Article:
|Vol. 2, No. 3 - September 2004
Joseph F. Buchanan
My Grandfather, Hans Hendrik Sorensen, was born September 30, 1825, at Orslev, Holbaek, Denmark. He and his family heard the Gospel for the first time in the winter of 1857, just shortly after it had been introduced in that county. At Christmas time the ice was broken with an ax so they could be baptized. They were living at the time at Shalau (Shagels), near the city of Copenhagen. In about 1860 they moved to Jutland (Jyland) thinking they could get away from persecution, but as the Church grew, persecution grew with it, so the Sorensen family endured much those first years.
Hans Hendrik Sorensen was ordained to the office of Elder and he worked and preached faithfully in his native land for many years. He was a stone cutter and mason by trade. In Denmark it was hard to get rock for building purposes, consequently he had to go into the woods and dig deep to find rock, or go in a boat out into the ocean and draw the rocks up out of the water.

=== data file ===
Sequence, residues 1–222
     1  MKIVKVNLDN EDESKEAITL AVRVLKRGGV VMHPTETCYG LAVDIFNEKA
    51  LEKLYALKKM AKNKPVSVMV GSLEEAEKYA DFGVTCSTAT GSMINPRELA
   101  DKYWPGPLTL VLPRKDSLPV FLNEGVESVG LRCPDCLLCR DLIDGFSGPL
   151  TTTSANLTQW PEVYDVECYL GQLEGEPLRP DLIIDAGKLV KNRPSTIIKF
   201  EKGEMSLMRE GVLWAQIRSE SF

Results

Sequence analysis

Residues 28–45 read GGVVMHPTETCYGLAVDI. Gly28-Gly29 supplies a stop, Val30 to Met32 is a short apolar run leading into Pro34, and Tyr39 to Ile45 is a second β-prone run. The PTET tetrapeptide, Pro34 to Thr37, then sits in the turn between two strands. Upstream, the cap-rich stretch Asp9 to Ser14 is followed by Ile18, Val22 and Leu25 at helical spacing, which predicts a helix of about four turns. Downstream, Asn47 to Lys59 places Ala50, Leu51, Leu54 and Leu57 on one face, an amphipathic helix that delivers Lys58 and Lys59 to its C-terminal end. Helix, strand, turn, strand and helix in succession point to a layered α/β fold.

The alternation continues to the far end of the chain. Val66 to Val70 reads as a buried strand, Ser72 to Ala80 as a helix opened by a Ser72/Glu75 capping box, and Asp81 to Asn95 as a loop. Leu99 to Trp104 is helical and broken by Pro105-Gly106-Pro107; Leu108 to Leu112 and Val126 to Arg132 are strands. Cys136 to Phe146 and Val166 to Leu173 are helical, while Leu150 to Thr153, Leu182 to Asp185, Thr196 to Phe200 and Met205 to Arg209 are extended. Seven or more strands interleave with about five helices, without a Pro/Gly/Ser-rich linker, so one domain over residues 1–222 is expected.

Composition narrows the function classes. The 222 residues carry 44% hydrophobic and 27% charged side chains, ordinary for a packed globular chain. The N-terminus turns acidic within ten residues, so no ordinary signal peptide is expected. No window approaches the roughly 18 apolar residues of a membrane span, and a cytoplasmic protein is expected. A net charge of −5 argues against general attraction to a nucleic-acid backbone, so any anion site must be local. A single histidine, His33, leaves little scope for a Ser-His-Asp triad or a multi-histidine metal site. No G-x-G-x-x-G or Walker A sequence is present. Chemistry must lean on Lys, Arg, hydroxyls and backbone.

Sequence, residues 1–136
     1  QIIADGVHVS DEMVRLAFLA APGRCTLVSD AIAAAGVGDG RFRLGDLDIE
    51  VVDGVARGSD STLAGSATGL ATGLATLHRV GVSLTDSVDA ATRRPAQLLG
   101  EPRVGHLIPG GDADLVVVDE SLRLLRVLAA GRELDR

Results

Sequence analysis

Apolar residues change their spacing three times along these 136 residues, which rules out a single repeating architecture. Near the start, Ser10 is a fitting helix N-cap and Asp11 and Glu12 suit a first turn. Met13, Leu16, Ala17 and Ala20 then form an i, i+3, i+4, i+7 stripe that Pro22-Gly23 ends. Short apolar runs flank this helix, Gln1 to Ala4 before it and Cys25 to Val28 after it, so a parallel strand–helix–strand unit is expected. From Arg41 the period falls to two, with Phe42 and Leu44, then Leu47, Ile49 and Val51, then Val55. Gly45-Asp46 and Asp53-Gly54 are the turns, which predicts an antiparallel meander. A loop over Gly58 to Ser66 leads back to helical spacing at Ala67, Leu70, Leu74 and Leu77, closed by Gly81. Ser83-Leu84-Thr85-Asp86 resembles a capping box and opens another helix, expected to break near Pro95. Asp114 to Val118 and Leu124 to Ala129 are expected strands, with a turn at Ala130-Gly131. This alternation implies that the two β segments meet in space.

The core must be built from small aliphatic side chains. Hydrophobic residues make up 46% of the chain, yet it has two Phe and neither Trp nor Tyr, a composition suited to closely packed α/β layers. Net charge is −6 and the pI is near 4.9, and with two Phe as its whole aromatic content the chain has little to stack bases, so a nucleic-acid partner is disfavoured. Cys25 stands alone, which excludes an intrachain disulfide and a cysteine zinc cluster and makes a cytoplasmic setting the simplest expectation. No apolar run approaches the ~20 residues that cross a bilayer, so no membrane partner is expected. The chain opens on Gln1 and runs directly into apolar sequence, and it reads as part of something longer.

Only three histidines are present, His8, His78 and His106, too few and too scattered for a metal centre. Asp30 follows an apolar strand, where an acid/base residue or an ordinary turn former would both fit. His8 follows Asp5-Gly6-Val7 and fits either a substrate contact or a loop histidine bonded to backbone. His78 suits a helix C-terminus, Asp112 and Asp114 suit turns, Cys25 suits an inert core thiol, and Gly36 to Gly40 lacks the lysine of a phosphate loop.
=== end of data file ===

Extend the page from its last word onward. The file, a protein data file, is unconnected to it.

In the year 1865 or 1866 the family was living about four miles from the city of Aarhus, close to the beautiful woods. The Elders came often to the Sorensen home and were always welcome. Finally the Elders prevailed on the family to move into the city of Aarhus and live at the Church headquarters there. This they did and grandmother kept house and cooked for the Elders faithfully and well for five years. Grandfather was faithful to his callings in the Church. The entire family enjoyed the sweet spirit of the Gospel, although some of the members had to leave home to work to help make a living for the family.
In the year 1868, Maria Sorensen, a daughter, emigrated to Utah, and in 1869 she married Peter Christensen, whose mother lived in Salina, Utah.